NASA may have cracked what’s behind mysterious magnetic anomaly over the Atlantic

NASA may have cracked what’s behind mysterious magnetic anomaly over the Atlantic

NASA researchers may finally have cracked what causes the giant magnetic anomaly over the Atlantic, though the consequences of both its movement and its splitting in two have yet to be fully determined.

The area of dramatically weakened magnetic field strength is known as the South Atlantic Anomaly (SAA) and stretches from western Africa to South America. While it poses no direct threat to us here on Earth, it does put satellites and spacecraft in orbit at risk, which is why NASA is so keen to figure out exactly what’s going on. 

In a new video, the space agency details everything we know so far about this strange phenomenon.

Described as a ‘dent’ in Earth’s magnetic field, or a kind of ‘pothole in space’, the SAA can and often does interfere with spacecraft, including the International Space Station, and satellites in low-Earth orbit which pass directly through it. 

The systems on board can malfunction and short circuit if struck by high-energy protons emitted from the Sun. While at first this may seem relatively minor, the stakes are far higher in the vacuum of space than in the comfort of Earth’s atmosphere.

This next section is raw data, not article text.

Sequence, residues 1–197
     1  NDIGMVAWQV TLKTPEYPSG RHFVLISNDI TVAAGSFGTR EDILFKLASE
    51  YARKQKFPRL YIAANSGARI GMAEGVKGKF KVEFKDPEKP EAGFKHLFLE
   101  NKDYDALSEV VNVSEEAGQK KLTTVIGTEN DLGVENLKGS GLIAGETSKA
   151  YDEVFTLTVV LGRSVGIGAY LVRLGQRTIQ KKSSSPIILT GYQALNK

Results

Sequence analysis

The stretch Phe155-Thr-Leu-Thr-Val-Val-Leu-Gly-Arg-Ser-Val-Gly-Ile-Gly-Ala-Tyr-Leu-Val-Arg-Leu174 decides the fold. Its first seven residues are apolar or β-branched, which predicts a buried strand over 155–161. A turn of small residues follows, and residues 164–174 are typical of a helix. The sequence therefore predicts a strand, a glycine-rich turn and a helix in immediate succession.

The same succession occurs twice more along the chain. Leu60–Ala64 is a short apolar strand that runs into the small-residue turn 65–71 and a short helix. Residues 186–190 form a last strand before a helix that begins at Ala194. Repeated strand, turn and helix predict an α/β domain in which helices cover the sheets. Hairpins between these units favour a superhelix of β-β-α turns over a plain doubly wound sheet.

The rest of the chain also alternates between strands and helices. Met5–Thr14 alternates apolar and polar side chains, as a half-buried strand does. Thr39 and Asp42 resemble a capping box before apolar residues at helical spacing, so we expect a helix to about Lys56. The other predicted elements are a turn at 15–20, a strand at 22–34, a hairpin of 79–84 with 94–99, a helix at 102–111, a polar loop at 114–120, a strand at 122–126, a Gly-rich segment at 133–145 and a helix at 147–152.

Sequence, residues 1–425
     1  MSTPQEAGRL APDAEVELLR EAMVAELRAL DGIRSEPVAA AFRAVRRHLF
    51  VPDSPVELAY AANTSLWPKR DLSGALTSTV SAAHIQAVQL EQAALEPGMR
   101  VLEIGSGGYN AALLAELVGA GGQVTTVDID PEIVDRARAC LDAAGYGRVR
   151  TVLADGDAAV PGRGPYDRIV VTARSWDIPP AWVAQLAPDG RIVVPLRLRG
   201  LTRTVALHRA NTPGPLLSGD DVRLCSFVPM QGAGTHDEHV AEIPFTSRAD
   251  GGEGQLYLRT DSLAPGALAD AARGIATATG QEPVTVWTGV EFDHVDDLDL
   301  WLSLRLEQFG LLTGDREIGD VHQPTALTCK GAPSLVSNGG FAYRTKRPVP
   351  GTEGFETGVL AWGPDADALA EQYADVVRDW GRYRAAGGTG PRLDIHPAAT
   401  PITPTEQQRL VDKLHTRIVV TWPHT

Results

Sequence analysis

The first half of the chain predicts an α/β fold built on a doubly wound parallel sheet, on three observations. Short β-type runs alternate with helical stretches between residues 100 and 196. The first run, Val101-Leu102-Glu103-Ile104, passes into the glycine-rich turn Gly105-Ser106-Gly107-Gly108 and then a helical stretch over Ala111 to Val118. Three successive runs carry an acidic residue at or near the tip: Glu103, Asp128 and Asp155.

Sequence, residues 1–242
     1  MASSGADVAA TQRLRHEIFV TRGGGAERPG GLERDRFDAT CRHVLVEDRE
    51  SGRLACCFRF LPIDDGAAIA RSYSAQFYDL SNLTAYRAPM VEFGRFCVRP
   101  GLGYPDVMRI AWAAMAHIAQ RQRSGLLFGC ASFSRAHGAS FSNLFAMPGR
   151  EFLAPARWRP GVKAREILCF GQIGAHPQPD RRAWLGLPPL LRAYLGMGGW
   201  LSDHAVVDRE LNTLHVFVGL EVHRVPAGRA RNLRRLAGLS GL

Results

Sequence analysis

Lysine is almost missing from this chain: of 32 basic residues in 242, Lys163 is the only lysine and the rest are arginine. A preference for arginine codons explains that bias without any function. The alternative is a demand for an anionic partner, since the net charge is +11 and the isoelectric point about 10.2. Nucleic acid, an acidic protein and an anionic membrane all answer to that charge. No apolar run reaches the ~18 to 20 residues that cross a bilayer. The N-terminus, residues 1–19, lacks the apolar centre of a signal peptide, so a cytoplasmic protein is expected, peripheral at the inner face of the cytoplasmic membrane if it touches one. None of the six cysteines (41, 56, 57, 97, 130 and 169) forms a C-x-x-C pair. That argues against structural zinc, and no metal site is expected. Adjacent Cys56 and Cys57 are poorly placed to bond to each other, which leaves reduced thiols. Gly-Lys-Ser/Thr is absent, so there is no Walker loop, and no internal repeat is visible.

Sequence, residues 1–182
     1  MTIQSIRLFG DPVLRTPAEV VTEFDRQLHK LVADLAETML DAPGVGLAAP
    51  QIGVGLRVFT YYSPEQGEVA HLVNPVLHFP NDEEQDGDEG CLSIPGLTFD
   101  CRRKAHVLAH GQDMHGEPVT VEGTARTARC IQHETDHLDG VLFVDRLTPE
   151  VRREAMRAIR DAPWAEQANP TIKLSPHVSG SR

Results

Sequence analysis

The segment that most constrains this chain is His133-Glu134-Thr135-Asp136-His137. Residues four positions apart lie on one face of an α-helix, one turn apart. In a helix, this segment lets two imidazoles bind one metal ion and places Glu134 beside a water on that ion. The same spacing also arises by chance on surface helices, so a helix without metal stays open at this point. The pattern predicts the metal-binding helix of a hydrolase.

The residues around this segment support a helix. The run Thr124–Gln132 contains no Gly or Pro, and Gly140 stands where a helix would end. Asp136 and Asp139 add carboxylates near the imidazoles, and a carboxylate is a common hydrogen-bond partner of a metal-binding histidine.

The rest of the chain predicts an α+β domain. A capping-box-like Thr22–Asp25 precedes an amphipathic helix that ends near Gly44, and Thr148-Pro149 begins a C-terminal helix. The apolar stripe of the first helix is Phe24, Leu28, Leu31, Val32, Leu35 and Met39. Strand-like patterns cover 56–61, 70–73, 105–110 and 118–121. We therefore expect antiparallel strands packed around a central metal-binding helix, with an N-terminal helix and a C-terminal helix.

These low-risk glitches could erase a plethora of data or potentially damage key components which would be extremely costly to replace. The risk is so great, in fact, that many satellite operators are forced to shut down altogether when they enter the anomaly’s area of effect.

NASA has revealed that, as many expected, the phenomenon is likely the work of our planet’s molten iron core, interacting with other vast natural structures beneath our feet. 

For example, the vast yet dense rock formation known as the African Large Low Shear Velocity Province. 

Situated some 2,900km below the African continent, it interacts with and disturbs the magnetic field generated by the Earth’s core, which likely results in the dramatic weakening effect and creates this vast blob, with help from our planet’s axial rotation, of course. 

“The magnetic field is actually a superposition of fields from many current sources,” explains geophysicist Terry Sabaka from NASA’s Goddard Space Flight Center. 

While NASA has a highly plausible explanation for how the anomaly is formed, the complexity of the natural structures which create it are still little understood. 

For now, scientists can only continue to monitor its north-westerly drift as it splits in two. 

A study published in July found that the phenomenon is a recurring one and may have begun working its mysterious magic 11 million years ago or more, thereby reducing the likelihood that the SAA is a precursor to the flipping of the entire planetary magnetic field.

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